Sky, sky, blue and black…

Jackson Browne was talking about how true love hangs in through thick and thin, whether you have sunny blue skies or ugly black ones.  Black skies are not too tough to figure out, they result from the absence of light…night.  But what makes the sky blue?  To answer that question, you have to know something about the nature of light.  Sunlight is composed of different colors (wavelengths) of light…maybe you’ve seen this when the morning sun shines through a piece of crystal, breaking the light into that pretty array (spectrum) of red, orange, yellow, green, blue and violet.  Moving from the red toward the blue end of the lineup, those wave forms become shorter, smaller.  It turns out the little blue waves scatter more easily than the reds when they encounter bits of dust, water vapor, political ads and other trash on their journey from the sun to our eyes.  So we look up, and all those crazy blue particles of light are bouncing around willy-nilly, while the reds and oranges are marching on locked in on target.  Our eyes see blue, blue, blue…hey, it’s all blue up there, apparently!  But what about sunset?  It’s usually some form of red, right?  Well, the sunlight coming to our eyes at sunset is really low down there on the horizon, which means the light has to travel through even more of our messy atmosphere, down low where the dust particles are bigger, water molecules more rampant, and politician yap more intense.  By this time the blue particles of light are pretty much beaten into submission, out of the game, and even the big boys…the reds and yellows and golds…are getting kicked around and scattered about.  To our eyes, the blue bits are gone and we we see the colors that are still there bouncing around, and we grab the camera because it’s just so pretty.  So the next time you get The Blues from too many Tequila Sunrises, you can just blame all the Dust In The Wind!  (16 September, 2011  Firenze, Italy)

Mother, Mother Ocean, I have heard your call…

The Pirates of the Caribbean franchise has had a fine run, despite being based on a Disney theme park ride.  Opening in 1967, the ride was the last one overseen by Walt Disney himself, further evidence of the man’s Midas touch.  Johnny Depp modelled his pirate character on a mixture of Rolling Stones’ guitarist Keith Richards and the cartoon skunk Pepé Le Pew, and Disney executives were initially confused as to whether he was supposed to be drunk or gay…but didn’t care for the performance either way.  Pirates are real, of course.  The heyday of piracy in the Caribbean was between 1650 and 1730, when the heady combination of distracting wars in Europe, out-of-work sailors, and easy pickings on the open seas led to open season on merchant shipping.  Life could be nasty, brutal, and short in those days, so the prospects of quick paydays and high living drew many to the trade.  The average sailor’s life expectancy at the time was about four years, and he could count on ending life shot, hanged, stabbed to death or drowned.  I say “he”, though history records a few ladies among the crew as well.  The mighty sailing man in the photo below was riding his bike along the wharf in Oslo one day, and I envied his comfort in his own skin.  The boy may have a future in front of the camera!  (2 September, 2011 Oslo, Norway)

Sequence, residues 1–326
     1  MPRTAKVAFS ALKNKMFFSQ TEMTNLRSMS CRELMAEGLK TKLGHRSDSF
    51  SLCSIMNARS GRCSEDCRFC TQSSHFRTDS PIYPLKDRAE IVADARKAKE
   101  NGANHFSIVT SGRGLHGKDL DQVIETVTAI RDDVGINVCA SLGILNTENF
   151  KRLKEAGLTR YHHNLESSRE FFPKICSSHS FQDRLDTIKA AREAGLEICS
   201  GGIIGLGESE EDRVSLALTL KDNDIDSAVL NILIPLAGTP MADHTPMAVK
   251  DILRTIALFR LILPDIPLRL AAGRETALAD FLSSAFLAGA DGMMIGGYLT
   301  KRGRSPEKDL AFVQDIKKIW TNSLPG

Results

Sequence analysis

Stone walls and steel bars, a love on my mind, I’m a three-time loser, I’m long gone this time…

Judging from the attention these bunnies gave to the holes in their cell door, I think they were longing to try a jailbreak.  The Easter Bunny tradition came to the US with German immigrants, though back in the old country it was the Easter Hare.  The rabbit has long been associated with renewal and rebirth, thanks to its status as a prolific breeder.  In a single breeding season a female rabbit can produce as many as 800 children, grand-children, and great-grand-children!  While that’s impressive, consider the following:
– infant aphids are pregnant before they are born
– male seahorses are the ones that give birth
– a termite can produce up to 30,000 fresh house-eaters in a day, but hold on…
– each section of the tapeworm’s body can grow up to be a new tapeworm, and can produce a million baby tapeworms a day! We have a winner!  We saw the bunnies in the image below while hiking in the hills above Lake Como…their house may be a bit snug for their liking, but their view is spectacular.  (12 September, 2011  Lake Como, Italy)

Like a bridge over troubled water, I will ease your mind…